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The festival of nine nights (Navrathri) is a celebration of Shakti, the feminine energy of the Universe. In some regions of India, especially the north and west, it is celebrated five times a year – Vasant or Chaitra Navaratri, Ashadha Navaratri, Sharad Navaratri, Paush Navaratri, and Magha Navaratri. Vasant Navaratri (which occurs in the March-April timeframe) and Sharad Navaratri (September-October timeframe) are the two that are more commonly celebrated, and of these two Sharad Navrathri is joyously marked as an important festival and is a national phenomenon.
The entire period of festivities that includes the Sharad Navrathri (referred to as Navrathri for the rest of this article) lasts over one complete lunar cycle starting with the Mahalaya Amavasya which falls on the new moon. This is the first day of Navrathri and is also the day when ancestors are revered and rituals are performed to remember departed souls. While the spirit of celebration of the feminine energy is a common thread throughout the country, the form of this worship varies.
In Bengal, Durga Puja is celebrated with great devotion, preparation, and fanfare, and starts from the sixth day after the new moon (Shashti). In some practices in South India, Navrathri is dedicated to Sharada, the goddess of learning. In other interpretations in North India, each day is dedicated to nine different forms of Shakti. As described later in this article, philosophers interpret that the first 3 days of Navrathri are dedicated to the worship of Durga or Kali, the second 3 dedicated to Lakshmi, and the final 3 days to Saraswati, and culminates in the tenth day — Vijaya Dasami. The New Moon following Mahalaya Amavasya is celebrated as Deepavali (or Diwali, the Festival of Lights).
The celebratory aspects are the most visible part of this series of festivals and entire countries and communities are engaged in them, with considerable resources being expended. Indians enjoy days off from work and school either for the entire 9 days or for the last 3 days of Navrathri, and good food and sweets abound. Some retailers depend on this season to balance their books, and even typically frugal families usually splurge on new clothes and other tokens of celebration for Deepavali.
While Bengalis erect elaborate pandals with Durga Ma and her entire family and celebrate with energy and an abundance of loud music, Gujaratis dance the nights away with graceful Garba groups. Children, and sometimes even adults, enjoy the thrill of setting off fireworks themselves (as against watching it being set off by someone else from a barge on the far horizon) once the sun sets leaving a moon-less dark sky. Flickering diyas adorn houses, and effigies of Ravana are set alight in maidans.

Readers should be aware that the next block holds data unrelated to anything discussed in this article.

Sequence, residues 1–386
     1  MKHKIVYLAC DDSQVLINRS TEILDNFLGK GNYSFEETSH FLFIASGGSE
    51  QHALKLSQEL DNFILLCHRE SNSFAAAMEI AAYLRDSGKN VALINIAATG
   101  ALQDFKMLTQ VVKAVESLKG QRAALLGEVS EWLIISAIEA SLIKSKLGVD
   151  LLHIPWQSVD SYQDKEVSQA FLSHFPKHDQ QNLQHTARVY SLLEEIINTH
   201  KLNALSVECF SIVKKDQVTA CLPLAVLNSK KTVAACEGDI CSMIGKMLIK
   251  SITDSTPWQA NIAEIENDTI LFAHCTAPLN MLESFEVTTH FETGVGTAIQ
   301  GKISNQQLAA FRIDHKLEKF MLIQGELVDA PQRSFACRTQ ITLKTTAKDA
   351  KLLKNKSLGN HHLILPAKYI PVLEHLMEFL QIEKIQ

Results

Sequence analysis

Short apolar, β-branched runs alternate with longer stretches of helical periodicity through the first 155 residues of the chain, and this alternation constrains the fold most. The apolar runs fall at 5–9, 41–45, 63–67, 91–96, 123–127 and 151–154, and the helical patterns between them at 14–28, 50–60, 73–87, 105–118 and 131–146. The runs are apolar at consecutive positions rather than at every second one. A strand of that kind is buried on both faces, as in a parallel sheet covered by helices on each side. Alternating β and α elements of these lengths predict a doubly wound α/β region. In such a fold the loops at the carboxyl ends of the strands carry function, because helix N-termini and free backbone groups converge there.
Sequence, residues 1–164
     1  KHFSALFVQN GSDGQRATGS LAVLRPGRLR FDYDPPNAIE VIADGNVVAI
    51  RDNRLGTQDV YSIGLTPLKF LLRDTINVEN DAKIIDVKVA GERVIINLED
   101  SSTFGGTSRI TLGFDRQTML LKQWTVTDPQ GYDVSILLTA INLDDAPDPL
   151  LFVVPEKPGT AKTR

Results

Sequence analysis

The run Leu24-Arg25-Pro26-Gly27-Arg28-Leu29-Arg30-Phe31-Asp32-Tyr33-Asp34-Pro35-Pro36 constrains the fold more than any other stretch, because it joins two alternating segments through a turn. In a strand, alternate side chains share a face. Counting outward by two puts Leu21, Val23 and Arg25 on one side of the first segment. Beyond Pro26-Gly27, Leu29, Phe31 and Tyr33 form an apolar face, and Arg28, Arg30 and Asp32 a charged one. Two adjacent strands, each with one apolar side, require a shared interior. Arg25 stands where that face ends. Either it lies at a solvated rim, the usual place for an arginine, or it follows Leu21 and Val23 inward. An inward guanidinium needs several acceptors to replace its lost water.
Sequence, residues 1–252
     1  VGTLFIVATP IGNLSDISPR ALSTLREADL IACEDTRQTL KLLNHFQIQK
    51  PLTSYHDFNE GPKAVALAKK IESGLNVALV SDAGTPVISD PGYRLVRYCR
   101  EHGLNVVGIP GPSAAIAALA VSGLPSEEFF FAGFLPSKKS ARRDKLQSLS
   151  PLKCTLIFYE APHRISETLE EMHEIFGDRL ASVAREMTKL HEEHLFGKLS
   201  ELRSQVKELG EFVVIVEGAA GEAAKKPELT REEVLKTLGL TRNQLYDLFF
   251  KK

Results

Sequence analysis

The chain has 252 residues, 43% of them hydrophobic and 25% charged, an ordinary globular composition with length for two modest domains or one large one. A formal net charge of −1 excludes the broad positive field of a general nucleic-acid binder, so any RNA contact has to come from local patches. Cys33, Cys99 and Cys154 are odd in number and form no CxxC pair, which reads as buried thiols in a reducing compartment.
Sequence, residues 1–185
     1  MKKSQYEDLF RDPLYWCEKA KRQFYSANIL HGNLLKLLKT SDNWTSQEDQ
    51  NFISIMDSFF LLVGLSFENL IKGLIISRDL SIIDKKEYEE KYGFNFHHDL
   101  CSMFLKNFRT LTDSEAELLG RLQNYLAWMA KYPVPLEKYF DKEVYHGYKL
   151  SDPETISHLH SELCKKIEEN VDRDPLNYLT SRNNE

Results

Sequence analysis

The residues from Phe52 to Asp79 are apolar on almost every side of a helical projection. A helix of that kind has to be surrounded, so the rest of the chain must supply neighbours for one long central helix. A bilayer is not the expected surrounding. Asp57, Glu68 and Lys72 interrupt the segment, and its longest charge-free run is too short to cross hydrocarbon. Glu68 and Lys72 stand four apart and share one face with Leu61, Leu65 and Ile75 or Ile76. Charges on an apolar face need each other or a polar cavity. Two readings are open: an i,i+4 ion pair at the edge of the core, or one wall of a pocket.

This brings us to the layered significance underlying all this revelry — the triumph of good over evil at more than one level. In the epic Ramayana, Lord Rama destroyed the evil Ravana after an arduous 14-year exile culminating in a hard-fought battle and returned triumphantly to his capital city Ayodhya on Deepavali, where all his people celebrated his victory. Thus, the burning of Ravana effigies and celebrations with dance, music, food, and friends marks the more overt expression of the triumph of good over evil. However, at a deeper level, the entire period of Navrathri can be a reflection on the Self.
Swami Chinmayananda spoke eloquently of Navrathri as an opportunity to create a flow between religion, mythology, and philosophy, leading to the purification of the sadhaka (practitioner). The first 3 days the ferocious purification power of Durga is evoked to help us in eliminating negative forces and weaknesses such as vanity, greed, jealousy, and prejudice. In the second 3-day phase Lakshmi is invoked to fill the void thus created within us with divine wealth, including qualities of love, kindness, peace, courage, and the desire for liberation to name a few. Thus purified and prepared, the sadhaka invokes Saraswati, the goddess of knowledge, during the last 3-day period to understand the limitless reality of the so-called individual and realize the true nature of the Self. This sequence of Navrathri culminates in a victorious Vijaya Dasami, the tenth day, with a bonfire of the demon, the figurative mortal in the sadhaka.
If a goal of a privileged human birth is to realize this true nature of the Self, good health of the body is a necessary prerequisite. While a concerted effort would be required to achieve the desired goal of control of the senses and the mind, at a more mundane level, a healthy body facilitates this. Temperance is a watchword that should be resorted to throughout this lunar month, without compromising the enjoyment of course! Both Navrathri and Deepavali are very social occasions coupled with an over-abundance of rich food and drink. Pacing the intake of these delicacies, maintaining a normal exercise regimen, and drinking warm water to reduce intake of rich foods is recommended. Perhaps spending more time dancing and singing will balance the calorie intake.
L. Iyengar has lived and worked in India and the USA. A scientist by training, she enjoys experiencing diverse cultures, ideas, and writing. Her short story will be included in an anthology showcasing a group of international women writers, to be published in 2021 by The Nasiona. She can be found on Twitter at @l_iyengar.